Runoff-generated debris flows are a potentially destructive and deadly response to wildfire until sufficient vegetation and soil-hydraulic recovery have reduced susceptibility to the hazard. Elevated debris-flow susceptibility may persist for several years, but the controls on the timespan of the susceptible period are poorly understood. To evaluate the connection between vegetation recovery and debris-flow occurrence, we calculated recovery for 25 fires in the western United States using satellite-derived leaf area index (LAI) and compared recovery estimates to the timing of 536 debris flows from the same fires. We found that the majority (>98%) of flows occurred when LAI was less than 2/3 of typical prefire values. Our results show that total vegetation recovery is not necessary to inhibit runoff-generated flows in a wide variety of regions in the western United States. Satellite-derived vegetation data show promise for estimating the timespan of debris-flow susceptibility.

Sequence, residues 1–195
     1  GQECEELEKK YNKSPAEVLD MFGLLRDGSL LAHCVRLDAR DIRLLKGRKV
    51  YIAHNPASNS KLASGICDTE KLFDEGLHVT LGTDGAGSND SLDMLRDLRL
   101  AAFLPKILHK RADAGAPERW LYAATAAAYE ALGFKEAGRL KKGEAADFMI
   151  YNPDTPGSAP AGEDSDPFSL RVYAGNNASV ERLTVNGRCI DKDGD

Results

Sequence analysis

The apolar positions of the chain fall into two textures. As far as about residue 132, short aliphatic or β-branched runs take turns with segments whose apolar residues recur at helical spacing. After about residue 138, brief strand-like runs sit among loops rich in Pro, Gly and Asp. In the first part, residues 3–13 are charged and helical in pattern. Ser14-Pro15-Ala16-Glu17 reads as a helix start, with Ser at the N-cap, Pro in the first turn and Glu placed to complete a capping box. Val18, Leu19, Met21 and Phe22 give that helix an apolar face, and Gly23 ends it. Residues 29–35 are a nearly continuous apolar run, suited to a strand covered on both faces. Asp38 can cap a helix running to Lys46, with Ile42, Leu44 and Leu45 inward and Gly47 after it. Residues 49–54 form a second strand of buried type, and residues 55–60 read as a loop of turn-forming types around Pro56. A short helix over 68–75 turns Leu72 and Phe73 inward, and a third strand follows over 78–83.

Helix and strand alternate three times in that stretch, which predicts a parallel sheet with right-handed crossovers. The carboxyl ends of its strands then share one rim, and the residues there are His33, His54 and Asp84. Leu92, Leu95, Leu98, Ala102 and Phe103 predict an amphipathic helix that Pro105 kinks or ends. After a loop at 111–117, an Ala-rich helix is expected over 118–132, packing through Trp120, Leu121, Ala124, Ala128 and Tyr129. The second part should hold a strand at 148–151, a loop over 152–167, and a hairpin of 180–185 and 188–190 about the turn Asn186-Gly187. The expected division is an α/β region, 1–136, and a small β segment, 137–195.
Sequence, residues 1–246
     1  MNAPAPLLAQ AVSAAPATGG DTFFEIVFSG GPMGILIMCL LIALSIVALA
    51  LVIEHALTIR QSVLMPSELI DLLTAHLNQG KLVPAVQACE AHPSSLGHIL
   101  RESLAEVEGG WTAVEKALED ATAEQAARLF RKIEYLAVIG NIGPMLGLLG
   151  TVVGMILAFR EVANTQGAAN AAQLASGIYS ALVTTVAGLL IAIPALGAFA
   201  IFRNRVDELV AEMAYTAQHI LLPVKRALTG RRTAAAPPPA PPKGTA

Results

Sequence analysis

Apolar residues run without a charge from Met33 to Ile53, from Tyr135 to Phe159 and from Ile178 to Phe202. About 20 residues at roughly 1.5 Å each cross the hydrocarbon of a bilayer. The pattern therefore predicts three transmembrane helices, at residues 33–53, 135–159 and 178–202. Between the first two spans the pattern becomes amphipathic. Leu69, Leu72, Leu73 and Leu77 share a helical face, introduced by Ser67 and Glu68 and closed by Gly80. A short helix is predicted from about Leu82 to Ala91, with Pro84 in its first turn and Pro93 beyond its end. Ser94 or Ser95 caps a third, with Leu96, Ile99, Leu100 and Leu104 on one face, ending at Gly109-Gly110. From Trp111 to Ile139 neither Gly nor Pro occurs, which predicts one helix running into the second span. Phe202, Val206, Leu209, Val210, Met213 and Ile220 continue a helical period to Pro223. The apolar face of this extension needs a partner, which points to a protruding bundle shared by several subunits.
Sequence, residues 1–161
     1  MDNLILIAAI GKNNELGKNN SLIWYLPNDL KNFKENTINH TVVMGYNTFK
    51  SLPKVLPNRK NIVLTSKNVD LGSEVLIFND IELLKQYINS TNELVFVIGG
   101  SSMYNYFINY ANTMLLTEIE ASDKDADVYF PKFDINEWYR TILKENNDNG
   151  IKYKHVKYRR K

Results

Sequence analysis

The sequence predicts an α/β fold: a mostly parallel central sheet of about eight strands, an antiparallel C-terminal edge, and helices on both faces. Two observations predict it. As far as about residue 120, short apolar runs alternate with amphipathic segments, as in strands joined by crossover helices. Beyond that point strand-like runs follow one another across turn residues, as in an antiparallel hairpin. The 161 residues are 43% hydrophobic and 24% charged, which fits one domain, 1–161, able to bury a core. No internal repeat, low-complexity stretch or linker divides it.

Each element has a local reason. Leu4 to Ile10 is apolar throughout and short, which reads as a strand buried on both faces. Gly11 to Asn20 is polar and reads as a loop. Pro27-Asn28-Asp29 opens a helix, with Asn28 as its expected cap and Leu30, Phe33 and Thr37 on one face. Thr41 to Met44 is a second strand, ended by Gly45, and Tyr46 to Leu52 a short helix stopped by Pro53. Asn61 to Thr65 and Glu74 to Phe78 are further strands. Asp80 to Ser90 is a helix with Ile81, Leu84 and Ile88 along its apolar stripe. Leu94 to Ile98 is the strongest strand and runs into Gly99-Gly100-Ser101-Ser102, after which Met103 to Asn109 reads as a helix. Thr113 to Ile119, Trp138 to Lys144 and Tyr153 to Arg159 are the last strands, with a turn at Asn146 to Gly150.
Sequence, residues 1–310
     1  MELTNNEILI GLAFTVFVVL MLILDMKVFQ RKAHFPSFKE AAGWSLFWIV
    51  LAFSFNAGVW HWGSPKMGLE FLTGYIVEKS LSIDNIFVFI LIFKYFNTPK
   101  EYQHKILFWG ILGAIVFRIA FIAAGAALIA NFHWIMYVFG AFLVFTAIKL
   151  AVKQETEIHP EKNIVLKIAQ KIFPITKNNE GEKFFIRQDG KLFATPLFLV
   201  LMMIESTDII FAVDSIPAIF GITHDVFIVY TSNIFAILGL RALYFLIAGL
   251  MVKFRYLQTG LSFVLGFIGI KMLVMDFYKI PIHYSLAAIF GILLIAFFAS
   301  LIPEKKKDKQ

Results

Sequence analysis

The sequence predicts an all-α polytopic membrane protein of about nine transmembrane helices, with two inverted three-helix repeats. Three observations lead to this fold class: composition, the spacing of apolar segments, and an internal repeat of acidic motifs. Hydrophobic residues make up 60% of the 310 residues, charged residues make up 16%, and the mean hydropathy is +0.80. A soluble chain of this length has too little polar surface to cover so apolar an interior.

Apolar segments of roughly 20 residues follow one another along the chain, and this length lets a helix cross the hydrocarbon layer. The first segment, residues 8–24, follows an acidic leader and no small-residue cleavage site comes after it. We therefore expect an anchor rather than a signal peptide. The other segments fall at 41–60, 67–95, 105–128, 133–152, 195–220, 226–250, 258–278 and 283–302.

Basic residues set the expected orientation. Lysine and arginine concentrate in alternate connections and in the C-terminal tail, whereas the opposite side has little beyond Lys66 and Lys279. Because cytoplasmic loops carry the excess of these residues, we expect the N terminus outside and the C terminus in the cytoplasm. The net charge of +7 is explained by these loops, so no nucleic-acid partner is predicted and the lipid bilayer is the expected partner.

|Title||How long do runoff-generated debris-flow hazards persist after wildfire?|
|Authors||Andrew Paul Graber, Matthew A. Thomas, Jason W. Kean|
|Publication Subtype||Journal Article|
|Series Title||Geophysical Research Letters|
|Record Source||USGS Publications Warehouse|
|USGS Organization||Geologic Hazards Science Center - Landslides / Earthquake Geology|